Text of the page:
Top House Democrats admit likely $ 3.5 trillion cut to Biden’s spending bill
By David Lawder and Chris Prentice
WASHINGTON (Reuters) – Senior Democrats said on Sunday they will likely have to cut President Joe Biden’s $ 3.5 trillion social spending bill, while passage of the bipartisan infrastructure bill could overtake the September 27 deadline.
House Speaker Nancy Pelosi could also delay sending the $ 1.2 trillion infrastructure measure after the House went to the White House for Biden’s signing until the project bigger spending bill be passed, House Budget Committee Chairman John Yarmuth told “Fox News Sunday” – a move to ensure Democrats support the bill.
Their comments illustrate the difficult path Democrats face in adopting Biden’s broad platform with very slim majorities and staunch Republican opposition. Spirits are sharp within the Democratic caucus, with moderate and progressive wings of the party sharply divided on the scale of spending.
Democrats also face looming October deadlines to fund the government and raise the federal debt ceiling. Failures on either side could hurt the economy and hurt the party’s position with voters.
Asked how much the tax hike and the spending bill for child care, education and green energy are rising, Yarmuth said he expects the figure on the bill “to rise. is just under $ 3.5 trillion “.
Rep. James Clyburn, the Third House Democrat, told CNN the number could be lower.
“So it might be $ 3.5 billion, it might be very close to that or maybe closer to something else. So I think we should really focus on the American people to think about. whatever it takes to put us in a good position and then let the numbers take care of themselves, ”Clyburn said on“ State of the Union ”.
Democrats aim to push through the massive spending plan without Republicans’ backing under budget reconciliation rules and cannot afford to lose any Democratic Senate votes and just three House votes.
Moderate Senate Democrats, including Joe Manchin and Kyrsten Sinema, say $ 3.5 trillion is too much; Manchin suggests spending less than half of that. Meanwhile, some progressive Democrats in the House say they cannot support a bill with lower spending levels aimed at strengthening the middle class.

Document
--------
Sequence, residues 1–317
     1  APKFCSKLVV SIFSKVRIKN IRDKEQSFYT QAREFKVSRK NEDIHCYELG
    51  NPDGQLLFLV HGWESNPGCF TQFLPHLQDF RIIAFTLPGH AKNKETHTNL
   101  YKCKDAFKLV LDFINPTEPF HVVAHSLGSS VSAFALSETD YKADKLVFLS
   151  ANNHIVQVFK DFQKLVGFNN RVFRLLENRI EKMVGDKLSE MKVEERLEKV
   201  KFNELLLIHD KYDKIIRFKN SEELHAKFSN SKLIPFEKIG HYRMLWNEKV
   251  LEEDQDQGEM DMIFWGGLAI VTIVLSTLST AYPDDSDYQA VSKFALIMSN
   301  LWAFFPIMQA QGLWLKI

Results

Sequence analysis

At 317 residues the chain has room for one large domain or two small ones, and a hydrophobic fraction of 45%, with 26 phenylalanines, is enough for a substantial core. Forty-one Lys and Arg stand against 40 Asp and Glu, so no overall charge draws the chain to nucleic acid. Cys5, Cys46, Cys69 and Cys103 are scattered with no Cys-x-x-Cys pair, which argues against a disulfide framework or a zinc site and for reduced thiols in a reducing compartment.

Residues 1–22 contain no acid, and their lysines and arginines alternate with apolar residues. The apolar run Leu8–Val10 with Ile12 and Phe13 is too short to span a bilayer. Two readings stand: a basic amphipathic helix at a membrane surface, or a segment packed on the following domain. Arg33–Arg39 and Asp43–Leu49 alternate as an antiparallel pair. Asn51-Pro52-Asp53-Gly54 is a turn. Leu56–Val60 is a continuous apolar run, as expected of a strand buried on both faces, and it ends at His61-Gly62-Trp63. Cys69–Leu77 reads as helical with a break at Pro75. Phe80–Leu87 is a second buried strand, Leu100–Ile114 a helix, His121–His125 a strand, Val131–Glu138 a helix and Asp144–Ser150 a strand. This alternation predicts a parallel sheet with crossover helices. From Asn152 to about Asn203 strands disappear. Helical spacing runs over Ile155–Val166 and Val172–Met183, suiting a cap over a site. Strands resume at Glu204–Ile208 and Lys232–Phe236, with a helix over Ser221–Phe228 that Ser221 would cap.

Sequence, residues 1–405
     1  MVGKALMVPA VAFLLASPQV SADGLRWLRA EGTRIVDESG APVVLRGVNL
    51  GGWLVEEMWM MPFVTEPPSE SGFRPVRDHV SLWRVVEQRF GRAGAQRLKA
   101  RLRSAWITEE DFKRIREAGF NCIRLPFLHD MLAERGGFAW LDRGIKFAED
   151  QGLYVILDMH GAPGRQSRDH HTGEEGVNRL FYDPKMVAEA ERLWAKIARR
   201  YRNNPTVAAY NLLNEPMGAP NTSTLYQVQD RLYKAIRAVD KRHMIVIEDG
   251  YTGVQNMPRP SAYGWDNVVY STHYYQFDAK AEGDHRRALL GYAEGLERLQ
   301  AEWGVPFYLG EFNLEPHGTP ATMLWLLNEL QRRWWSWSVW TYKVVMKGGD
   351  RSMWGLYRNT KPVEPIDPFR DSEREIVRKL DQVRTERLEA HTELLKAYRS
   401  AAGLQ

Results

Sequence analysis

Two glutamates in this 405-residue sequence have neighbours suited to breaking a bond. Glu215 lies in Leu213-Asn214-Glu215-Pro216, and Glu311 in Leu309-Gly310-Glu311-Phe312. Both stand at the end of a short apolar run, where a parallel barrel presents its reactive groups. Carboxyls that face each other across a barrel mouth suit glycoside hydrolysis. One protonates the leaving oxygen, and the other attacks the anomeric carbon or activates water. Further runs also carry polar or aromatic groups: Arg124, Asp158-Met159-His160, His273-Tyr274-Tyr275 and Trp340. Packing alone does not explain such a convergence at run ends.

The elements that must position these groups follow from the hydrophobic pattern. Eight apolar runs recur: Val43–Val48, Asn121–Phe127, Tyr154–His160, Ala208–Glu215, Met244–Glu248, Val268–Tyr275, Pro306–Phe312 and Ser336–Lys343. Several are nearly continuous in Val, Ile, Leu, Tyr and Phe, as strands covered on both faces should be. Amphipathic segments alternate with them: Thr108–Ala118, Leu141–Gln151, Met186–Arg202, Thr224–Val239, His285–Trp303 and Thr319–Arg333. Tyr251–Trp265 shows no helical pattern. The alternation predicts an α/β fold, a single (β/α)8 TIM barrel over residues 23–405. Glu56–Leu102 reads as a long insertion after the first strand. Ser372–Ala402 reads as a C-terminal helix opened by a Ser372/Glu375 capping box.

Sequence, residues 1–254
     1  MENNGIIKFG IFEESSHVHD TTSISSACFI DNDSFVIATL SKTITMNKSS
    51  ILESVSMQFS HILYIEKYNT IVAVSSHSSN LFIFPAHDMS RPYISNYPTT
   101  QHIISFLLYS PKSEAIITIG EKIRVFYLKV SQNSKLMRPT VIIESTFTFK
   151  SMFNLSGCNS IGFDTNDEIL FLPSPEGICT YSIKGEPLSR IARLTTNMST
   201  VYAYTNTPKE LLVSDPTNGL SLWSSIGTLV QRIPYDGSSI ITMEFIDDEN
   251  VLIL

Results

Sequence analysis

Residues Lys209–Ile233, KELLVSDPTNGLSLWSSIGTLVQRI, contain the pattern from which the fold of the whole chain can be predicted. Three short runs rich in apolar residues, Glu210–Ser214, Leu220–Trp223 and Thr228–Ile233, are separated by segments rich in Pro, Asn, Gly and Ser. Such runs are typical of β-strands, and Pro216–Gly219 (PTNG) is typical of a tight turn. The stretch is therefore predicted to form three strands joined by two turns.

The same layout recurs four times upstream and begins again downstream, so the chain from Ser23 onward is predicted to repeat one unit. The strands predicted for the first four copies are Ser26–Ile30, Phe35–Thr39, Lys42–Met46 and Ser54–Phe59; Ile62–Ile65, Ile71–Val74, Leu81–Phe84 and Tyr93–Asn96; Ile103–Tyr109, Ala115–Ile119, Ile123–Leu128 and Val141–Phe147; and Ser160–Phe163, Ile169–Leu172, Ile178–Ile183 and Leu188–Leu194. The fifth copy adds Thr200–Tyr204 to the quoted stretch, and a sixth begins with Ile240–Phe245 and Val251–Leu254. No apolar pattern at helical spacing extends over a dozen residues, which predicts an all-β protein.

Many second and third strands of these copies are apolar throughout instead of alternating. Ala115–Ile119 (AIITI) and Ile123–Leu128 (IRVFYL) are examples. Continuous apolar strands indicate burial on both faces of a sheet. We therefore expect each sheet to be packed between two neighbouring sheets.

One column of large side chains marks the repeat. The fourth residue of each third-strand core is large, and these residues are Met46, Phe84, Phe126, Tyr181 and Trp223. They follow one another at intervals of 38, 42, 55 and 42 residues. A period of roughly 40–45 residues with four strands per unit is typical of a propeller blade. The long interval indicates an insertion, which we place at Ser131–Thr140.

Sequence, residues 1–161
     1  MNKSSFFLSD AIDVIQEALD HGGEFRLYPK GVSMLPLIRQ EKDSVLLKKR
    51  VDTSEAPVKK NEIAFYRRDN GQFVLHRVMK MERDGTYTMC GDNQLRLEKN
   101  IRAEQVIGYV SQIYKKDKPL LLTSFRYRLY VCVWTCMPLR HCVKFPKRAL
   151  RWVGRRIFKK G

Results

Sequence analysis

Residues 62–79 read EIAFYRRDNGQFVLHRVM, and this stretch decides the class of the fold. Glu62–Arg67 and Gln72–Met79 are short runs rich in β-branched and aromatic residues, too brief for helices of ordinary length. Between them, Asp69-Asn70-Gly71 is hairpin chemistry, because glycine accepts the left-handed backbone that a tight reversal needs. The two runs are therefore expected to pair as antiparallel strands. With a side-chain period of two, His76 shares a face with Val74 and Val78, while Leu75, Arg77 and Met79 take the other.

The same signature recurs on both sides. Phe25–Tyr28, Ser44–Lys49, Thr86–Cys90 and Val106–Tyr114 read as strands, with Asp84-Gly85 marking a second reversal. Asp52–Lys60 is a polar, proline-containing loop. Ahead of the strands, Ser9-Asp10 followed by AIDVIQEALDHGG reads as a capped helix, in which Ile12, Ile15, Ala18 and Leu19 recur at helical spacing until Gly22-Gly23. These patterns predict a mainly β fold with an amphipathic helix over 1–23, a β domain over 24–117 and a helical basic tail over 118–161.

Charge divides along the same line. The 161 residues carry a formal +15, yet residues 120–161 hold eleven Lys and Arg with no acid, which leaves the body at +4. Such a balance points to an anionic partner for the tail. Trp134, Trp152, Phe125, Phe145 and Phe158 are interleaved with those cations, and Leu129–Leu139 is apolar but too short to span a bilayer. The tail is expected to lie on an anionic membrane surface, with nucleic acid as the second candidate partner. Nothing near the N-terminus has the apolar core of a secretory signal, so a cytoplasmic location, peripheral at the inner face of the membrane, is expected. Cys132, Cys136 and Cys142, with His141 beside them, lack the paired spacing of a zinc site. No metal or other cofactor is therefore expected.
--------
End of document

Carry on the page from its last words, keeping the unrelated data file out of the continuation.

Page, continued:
Clyburn said “it’s going to take work” to bring Democrats together to support a bill, but added “I believe in our party and our leadership.”
The $ 3.5 trillion spending program https://www.reuters.com/world/us/paid-leave-clean-energy-preschool-democrats-35-trln-plan-2021-08-09 aims to supporting American families with a free college community, universal preschool, an extended children’s tax credit and investments in clean energy. But this is also accompanied by significant tax increases proposed https://www.reuters.com/article/usa-biden-infrastructure-taxes/factbox-key-elements-of-us-house-democrats-tax- hike-plans-to -fund-biden-spending-idUSKBN2G922S on the rich and the corporate.
Pelosi has sought to delay the House’s passage of the bipartisan infrastructure bill as leverage to ensure moderate Democrats support the social spending bill. But House Democrats have set a September 27 deadline for passing the infrastructure bill as part of a budget resolution and the larger spending bill is not yet ready for the vote.
Yarmuth said the infrastructure bill could still pass, but the leverage could be preserved if Pelosi withholds it from Biden’s office and promulgates it.
He said it can be done under legislative rules. “She can keep this bill for a while. So there is some flexibility in how we link the two mandates.”
Yarmuth said the September 27 deadline would likely be missed, passing the rolling infrastructure bill “early in October would be my best guess.”
Yarmuth said he would also advocate incorporating an increase in the debt ceiling into a normal lending measure or reconciliation plan, but “I don’t think that decision has been made yet. We have several options to raise. the debt ceiling, which is absolutely mandatory. “
Republican Senate Leader Mitch McConnell has said his party will not support an increase in the debt ceiling, even though the Treasury has warned it will deplete cash and borrowing capacity in October, leaving the US government unable to pay all of its obligations.
(Reporting by David Lawder and Chris Prentice; Additional reporting by David Morgan; Editing by Lisa Shumaker)